Standing In for the Muses

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The classics have survived through time and reached us in silence. The words of the Greek epics, lyric poetry, myths, and speeches remain, but we can never hear or experience them exactly as the Greeks themselves did; we are not even certain how the letters and words of the language itself were pronounced. Yet, we do know that the Greek language was musical and that the stories of the ancients were experienced in song. These stories were considered music, –  μουσική – an art broadly conceived to include categories that we may struggle to understand as music; and music itself was paideia. The stories acquired the strength of paideia in the medium of music. If we are not experiencing the classics in sound, as music, are we missing something in the silence? Are we missing part of the logos of the artifact? And is there a way to recover this musicality, and hence a greater part of the logos?

Nuances exist between Plato and Aristotle in their conceptions of the role of music in education; however, both agreed that music was a means to attaining goodness. Music had the power to stimulate the emotions, and so could influence character. Athletics were for the formation of the body as music was for the formation of the soul. In imitating the emotions in its movement, music could habituate the soul to associating virtue with pleasure and vice with pain. Emotions, not intellect, first influenced character; to liberally paraphrase Plato and Aristotle, character was believed to be mysteriously formed as the soul poetically encountered story through music. 

While music for the Greeks was the art over which the Muses presided, much was categorized as music long after the Muses were thought to have gone silent. The word poetry, in English and ancient Greek, comes from the word ποιέω, to make or to build. The epics issued from the Muses through Homer, but the work of the poets was painstakingly crafted by mere mortals, yet still considered music and paideia in the Classical Period. One reason may be that poetry, plays, and speeches had all the elements of music – content, words, and rhythm/melody. When we read (silently) the classics, we experience the first two of this Trinitarian union – the story as content and the words; but, in omitting rhythm and melody, the music eludes us; and, if we agree with Plato and Aristotle, so does the mystery.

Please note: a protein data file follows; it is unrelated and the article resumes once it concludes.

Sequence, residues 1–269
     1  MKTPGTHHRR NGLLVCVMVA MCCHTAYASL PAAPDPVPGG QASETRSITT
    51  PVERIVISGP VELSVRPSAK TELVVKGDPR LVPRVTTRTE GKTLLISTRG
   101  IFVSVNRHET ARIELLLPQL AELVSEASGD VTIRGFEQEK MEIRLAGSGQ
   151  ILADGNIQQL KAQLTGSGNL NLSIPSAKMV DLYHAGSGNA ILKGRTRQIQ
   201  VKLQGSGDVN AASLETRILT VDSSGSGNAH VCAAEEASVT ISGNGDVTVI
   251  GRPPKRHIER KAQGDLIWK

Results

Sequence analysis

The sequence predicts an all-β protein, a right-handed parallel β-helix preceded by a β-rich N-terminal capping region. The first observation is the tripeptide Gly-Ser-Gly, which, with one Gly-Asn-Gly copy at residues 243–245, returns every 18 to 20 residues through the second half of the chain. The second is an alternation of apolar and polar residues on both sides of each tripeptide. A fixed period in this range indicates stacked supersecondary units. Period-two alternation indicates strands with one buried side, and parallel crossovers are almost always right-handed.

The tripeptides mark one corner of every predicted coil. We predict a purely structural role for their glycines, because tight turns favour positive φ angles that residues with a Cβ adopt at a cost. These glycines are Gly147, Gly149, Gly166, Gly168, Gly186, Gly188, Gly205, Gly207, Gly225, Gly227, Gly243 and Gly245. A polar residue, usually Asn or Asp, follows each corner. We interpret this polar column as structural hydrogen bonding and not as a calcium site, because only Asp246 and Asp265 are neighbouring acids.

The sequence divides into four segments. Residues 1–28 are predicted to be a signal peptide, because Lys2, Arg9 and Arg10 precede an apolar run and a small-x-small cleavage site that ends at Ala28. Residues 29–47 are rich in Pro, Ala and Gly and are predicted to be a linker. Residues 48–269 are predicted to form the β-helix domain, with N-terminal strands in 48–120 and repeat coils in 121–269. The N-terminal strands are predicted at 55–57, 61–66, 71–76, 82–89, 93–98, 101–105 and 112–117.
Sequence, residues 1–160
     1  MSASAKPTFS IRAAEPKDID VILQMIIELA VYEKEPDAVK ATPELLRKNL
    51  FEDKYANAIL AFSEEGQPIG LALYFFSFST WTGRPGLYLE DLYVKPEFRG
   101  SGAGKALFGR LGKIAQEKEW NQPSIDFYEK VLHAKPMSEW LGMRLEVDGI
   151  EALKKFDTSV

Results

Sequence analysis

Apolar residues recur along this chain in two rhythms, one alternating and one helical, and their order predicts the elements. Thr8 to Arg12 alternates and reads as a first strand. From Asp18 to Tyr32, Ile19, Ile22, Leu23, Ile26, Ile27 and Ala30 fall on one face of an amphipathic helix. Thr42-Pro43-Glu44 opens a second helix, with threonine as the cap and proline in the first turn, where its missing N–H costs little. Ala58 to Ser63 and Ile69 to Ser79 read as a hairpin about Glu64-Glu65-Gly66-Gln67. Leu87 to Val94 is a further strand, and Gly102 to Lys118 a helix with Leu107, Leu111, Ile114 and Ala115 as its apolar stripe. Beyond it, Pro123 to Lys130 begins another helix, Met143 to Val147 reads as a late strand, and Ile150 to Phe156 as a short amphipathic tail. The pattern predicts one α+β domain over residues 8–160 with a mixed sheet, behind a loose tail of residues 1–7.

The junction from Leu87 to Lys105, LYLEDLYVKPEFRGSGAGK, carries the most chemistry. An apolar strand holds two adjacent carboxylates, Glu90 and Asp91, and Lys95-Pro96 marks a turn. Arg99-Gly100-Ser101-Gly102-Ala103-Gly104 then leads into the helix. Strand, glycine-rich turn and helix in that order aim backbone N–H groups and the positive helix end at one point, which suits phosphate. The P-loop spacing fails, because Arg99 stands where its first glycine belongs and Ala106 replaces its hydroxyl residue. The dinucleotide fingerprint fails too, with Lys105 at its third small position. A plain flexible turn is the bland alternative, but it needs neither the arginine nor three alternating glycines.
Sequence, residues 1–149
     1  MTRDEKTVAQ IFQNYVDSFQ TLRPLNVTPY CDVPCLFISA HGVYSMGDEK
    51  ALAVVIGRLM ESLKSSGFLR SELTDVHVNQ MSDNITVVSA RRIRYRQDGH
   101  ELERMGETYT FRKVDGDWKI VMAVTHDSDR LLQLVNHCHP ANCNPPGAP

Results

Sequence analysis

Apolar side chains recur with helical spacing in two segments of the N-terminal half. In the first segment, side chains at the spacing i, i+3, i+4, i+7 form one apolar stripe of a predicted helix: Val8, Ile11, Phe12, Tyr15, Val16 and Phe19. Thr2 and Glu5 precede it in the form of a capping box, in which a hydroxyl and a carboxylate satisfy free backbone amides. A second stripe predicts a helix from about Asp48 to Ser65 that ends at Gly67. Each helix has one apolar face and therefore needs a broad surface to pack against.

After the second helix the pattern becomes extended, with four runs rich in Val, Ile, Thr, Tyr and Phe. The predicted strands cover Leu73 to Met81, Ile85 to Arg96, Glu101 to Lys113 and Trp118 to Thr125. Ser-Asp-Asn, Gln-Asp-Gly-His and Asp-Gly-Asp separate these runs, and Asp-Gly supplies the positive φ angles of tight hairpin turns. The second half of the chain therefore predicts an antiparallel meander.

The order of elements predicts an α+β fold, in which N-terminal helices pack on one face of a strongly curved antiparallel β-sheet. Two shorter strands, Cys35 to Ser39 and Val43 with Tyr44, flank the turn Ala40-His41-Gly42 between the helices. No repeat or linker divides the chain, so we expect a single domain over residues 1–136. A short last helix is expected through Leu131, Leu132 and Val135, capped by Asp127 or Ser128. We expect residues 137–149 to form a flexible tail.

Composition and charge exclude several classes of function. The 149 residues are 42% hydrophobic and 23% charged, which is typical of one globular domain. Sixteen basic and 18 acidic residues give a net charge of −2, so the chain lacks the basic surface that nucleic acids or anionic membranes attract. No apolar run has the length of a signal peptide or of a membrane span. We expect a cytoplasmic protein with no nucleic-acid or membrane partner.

If we are to recover this musicality, we need to broaden our understanding of music. In the ancient experience, rhythm and melody came from the craft of the poet, but also from the musicality of the Greek language itself; what has been preserved as stress accents were more likely pitch variations which would have been heard as musical intonations. In addition, each literary genre had a dialect considered appropriate to it. As Mozart’s native language was German but he chose Italian for his operas, so would an ancient poet choose the Greek dialect that was most appropriate for the performance of his work. Still today, each language has its own musicality and cadence. Though we may not hear it, we have pitch and intonation in English – try saying the word “no” as you would to a child with her hand in the cookie jar, then again, as the question, “no?”  When we read aloud, in any language, this is to some degree music.

We can begin the work of experiencing the classics as music by simply reading them aloud. We should read aloud in the original language if we are able; ancient Greek is accessible to those with the desire to learn it and it is the road that leads closest to the music the Greeks experienced. If we are not yet able to read in the original language, translations exist which are intended to be read aloud, and we should seek out these translations. For those who are already reading aloud, memorize sections of the text, with the goal of reciting them for others. Speak and listen to the text while memorizing and make decisions on cadence, words to stress, and where it would be appropriate to lower or raise the voice, as a chanter of a hymn in church matches meaning with melody. Spoken words are embodied, and changes in musicality will imbue words differently with emotion and even meaning.

The classics were music, and we, too, can experience them as music—poetically, through our voices, and in community. Experiencing the musicality of the classics, even imperfectly, should lead us eventually towards the originals, but can also train us to see the power of musicality more broadly in our paideia. A few weeks ago, I was outside with my children on one of those beautiful Virginia spring days when the sky is just so blue, and, looking up, I pointed at the sky and exclaimed, “Oh, look at the sky!” My daughter said, “You sound just like Heidi!” As soon as she said it, I knew she meant Johanna Spyri’s Heidi, though it has been years since I read that story aloud to them. Somehow Heidi was embodied in my voice, in certain words expressed a certain way. The voice of Heidi was my own, yet in that moment, it was Heidi’s voice and logos that proclaimed the beauty of the spring day. What a mystery.

Author Monique Neal lives in Richmond, Virginia with her husband and homeschools their four children. She graduates from the CiRCE Apprenticeship Program in 2021 and is a student of ancient Greek through Accademia Vivarium Novum.

Note: Guest bloggers share their own thoughts as classical educators and learners and do not represent or Classical Academic Press. If you are interested in writing guest blog content, please contact us with your name, connection to classical education, and ideas for a blog post.

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